Johns Hopkins Magazine - June 1994 Issue



By "Guido Veloce"

I like the word "like" and the reality for which it stands. Of course, it's also a plague on the language, as others have noted, but that's a minor quibble in an age when wars are "situations," foods are "products," we are all "victims," and the New York Times splits infinitives.

"Like" comprises a significant fraction of student vocabulary and is the only punctuation they use with any predictability, as in "my paper is, like, almost done." But it's not entirely a generational thing. I've heard it from an octogenarian aunt (of course, she may have meant "it's not like my day" rather than "it's not, like, my day"). I use it myself when I'm fumbling for a word and don't want to say "um," which would mark me as an academic, or "ya' know," which would mark me as either a '60s survivor, a professional athlete, or a New Yorker.

"Like" is a word for all seasons, and especially for our times. That's an important point because this isn't the first major 20th-century outbreak of "like." There was an earlier one in the 1960s. The present "like," however, isn't like the earlier "like." The latter was part of a slow, drawn-out style of speech, reflecting alienation and the absence of anything profound to say about it. Example: "Like, wha's happenin', man?"

The '90s version is part of a fast-paced, MTV style where words run together, reflecting the rapidity and uncertainty of modern life and the absence of anything profound to say about it. This "like" is a pause, a substitute for commas, and the cure for hyperventilation, all in one. Example: "Like, me-'n-him-went, like, to-the-beach- and-it-was, like, too-cool-except-I, like, lost-the-car-Dad." When uttered by native speakers, the first example takes twice as long as the second.

The '90s "like" intrigues me because it is both a way of sounding like everyone else who uses like, and of asserting, like, individuality, which may not be so different from the '60s, after all. There are, nonetheless, wonderfully subtle differences in where people place the word in sentences and how they inflect it. When there was a young adult living in our household, for example, I initially had trouble distinguishing between women friends who called herÄmostly because they all sounded alike and had the same first name. Then I started hearing the differences. One said "Is, like, she home?" another "Like, is she home?" and the third "Like, is she, like, home?" Anyone asking just plain "Is she home?" clearly wasn't a friend and meant trouble. As forms of identification, fingerprinting and DNA testing are far less precise.

Again, a comparison with earlier times is revealing. Part of what was so inventive about a figure from those times, Lenny Bruce, was the manner in which he took obscenities and, by repeating them and stringing them together, created a kind of word-jazz, almost a poetry, out of things you weren't supposed to say. In its new usage, "like" works the same way. It punctuates, syncopates, and emphasizes. It's a downbeat and back beat for a '90s kind of word-jazz, a rap music of the malls and suburbs.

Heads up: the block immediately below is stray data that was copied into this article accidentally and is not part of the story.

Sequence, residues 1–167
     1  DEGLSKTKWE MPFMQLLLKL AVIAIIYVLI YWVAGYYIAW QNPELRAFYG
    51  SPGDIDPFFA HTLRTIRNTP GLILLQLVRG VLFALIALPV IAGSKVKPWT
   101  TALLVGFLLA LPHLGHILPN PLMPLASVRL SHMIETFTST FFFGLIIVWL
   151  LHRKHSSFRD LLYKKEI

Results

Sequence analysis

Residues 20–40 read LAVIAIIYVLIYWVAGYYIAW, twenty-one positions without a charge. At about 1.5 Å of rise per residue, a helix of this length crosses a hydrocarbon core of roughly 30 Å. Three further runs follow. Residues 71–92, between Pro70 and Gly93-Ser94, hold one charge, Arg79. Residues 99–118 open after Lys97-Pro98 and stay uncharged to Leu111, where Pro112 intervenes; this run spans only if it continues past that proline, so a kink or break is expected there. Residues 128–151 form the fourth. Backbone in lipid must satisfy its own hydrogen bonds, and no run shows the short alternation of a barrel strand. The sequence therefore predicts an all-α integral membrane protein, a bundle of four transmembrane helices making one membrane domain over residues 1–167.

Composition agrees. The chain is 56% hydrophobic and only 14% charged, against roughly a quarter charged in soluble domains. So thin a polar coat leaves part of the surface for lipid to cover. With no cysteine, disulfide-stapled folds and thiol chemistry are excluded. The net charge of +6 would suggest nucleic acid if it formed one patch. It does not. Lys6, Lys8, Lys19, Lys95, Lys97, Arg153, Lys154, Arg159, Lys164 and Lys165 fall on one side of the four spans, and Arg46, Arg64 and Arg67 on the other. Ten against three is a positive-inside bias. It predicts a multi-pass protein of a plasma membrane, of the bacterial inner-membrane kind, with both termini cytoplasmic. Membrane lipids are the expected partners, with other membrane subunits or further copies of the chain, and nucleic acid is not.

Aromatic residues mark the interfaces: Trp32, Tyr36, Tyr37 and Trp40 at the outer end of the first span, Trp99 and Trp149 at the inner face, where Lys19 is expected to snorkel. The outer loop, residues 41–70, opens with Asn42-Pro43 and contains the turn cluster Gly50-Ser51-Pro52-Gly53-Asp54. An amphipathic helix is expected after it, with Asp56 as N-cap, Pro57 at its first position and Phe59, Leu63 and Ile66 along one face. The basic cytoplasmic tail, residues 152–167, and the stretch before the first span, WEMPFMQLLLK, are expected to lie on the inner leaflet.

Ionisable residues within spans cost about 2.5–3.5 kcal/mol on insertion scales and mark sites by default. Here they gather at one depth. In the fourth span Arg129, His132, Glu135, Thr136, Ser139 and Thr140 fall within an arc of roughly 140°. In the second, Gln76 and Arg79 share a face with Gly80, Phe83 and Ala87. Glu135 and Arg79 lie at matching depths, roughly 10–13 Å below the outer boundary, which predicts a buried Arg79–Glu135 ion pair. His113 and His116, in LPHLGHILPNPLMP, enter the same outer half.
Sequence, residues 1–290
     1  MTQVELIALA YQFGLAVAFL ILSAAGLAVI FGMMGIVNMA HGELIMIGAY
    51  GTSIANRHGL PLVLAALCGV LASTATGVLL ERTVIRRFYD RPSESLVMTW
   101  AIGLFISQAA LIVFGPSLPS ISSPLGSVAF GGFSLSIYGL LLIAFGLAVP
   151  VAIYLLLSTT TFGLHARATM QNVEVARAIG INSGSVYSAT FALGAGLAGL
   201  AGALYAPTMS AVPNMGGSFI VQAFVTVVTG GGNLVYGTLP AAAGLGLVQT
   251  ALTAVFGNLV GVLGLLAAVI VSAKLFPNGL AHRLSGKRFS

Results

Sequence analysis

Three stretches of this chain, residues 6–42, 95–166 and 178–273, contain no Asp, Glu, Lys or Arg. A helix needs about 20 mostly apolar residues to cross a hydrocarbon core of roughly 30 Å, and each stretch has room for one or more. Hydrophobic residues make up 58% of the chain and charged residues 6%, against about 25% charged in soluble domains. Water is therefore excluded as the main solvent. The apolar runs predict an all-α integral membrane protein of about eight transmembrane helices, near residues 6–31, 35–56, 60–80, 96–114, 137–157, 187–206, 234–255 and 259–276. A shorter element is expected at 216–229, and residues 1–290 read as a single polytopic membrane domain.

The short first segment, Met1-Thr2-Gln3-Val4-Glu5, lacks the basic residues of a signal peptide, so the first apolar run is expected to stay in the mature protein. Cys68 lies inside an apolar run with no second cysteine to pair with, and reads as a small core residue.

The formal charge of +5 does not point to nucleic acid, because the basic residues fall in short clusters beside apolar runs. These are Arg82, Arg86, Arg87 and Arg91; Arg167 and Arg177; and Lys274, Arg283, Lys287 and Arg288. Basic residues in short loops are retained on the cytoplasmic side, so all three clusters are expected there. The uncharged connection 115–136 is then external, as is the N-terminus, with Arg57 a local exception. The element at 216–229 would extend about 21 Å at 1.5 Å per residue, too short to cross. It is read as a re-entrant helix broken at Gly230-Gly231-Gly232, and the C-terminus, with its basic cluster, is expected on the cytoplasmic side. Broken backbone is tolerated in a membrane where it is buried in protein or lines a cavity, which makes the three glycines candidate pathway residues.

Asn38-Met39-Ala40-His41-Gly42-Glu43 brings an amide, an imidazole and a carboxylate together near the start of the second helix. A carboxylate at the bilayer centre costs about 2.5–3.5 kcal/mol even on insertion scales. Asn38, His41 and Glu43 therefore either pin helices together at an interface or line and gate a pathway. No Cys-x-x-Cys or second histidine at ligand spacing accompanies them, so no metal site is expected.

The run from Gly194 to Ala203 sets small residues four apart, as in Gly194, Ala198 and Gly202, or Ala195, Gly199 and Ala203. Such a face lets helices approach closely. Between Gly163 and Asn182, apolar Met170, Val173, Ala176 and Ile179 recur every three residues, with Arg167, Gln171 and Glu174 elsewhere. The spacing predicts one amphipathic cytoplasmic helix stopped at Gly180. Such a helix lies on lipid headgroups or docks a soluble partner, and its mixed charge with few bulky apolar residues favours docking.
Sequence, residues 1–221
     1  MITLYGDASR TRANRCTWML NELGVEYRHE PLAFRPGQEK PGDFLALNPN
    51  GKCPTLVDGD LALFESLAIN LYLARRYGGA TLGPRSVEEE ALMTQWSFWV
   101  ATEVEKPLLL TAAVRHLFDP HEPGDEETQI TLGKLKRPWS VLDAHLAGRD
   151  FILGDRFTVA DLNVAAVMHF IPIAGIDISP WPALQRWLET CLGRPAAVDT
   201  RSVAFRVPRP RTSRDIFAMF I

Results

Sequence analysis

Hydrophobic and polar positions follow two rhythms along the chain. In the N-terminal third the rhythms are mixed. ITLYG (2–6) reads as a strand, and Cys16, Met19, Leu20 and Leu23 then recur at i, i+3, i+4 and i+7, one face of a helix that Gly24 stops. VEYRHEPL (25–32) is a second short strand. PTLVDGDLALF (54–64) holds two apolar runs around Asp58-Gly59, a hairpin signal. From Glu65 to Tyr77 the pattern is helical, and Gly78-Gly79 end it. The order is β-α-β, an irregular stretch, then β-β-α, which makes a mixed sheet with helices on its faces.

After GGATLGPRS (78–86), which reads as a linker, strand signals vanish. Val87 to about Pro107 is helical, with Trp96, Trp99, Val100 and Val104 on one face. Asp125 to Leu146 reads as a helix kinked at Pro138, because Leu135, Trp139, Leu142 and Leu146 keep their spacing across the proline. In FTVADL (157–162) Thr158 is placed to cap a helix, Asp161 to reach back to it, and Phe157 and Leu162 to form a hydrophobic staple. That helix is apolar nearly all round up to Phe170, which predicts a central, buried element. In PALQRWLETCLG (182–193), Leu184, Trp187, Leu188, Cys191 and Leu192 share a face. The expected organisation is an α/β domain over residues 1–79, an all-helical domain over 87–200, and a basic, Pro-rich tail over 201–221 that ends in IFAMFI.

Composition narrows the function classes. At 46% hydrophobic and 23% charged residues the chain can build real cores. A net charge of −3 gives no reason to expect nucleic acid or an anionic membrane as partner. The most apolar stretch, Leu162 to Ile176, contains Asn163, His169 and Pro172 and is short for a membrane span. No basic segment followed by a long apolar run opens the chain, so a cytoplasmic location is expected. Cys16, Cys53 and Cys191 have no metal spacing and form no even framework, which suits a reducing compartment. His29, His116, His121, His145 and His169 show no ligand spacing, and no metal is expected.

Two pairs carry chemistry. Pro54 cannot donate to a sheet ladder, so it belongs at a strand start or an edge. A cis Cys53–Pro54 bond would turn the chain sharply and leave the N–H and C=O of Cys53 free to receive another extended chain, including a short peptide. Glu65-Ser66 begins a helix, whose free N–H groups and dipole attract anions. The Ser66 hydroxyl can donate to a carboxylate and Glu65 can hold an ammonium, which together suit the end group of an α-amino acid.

It's not just the artistry of "like" that I like, however; I like what it says about the world in which my students and my son were born and most of the rest of us came of age.

Everything is like something else. Being like something else isn't, of course, necessarily bad. In one of my books that was, like, liberated so I can't check the reference, there is a passage in which the author, whom I remember as Calvin Trillin, or someone like him, recounts tasting a soup called "gazpacho" and beginning to say why it wasn't like "gazpacho" when he realized that he didn't like authentic gazpacho and did like what he was eating. At least I think the story was something like that. We try to look like other people, go to amusement parks that are like Europe (there are lots of variations on that theme: some Americans say that Italy looks like California, and I had relatives from Baltimore who hated Montreal because it was "like a foreign city"). We drive cars that have plastic that looks like wood and vinyl that looks like leather. We eat substitutes for salt, sugar, and butter that claim to be like the real thing. Frozen yogurt and imitation ice milk are said to be "just like ice cream," presumably because they are frozen and come in the same colors, which are like strawberries and chocolate.

In a world of "virtual reality" and supermarket tomatoes, "like" isn't a mere filler word, or, as language purists would have it, another sign of the decline of American English. "Like" is a statement of fact, of the way things are. It has a kind of hard-edged, realistic quality. It's a documentary word. Like is where it's at, ya' know.

"Guido Veloce" is a professor at Johns Hopkins.

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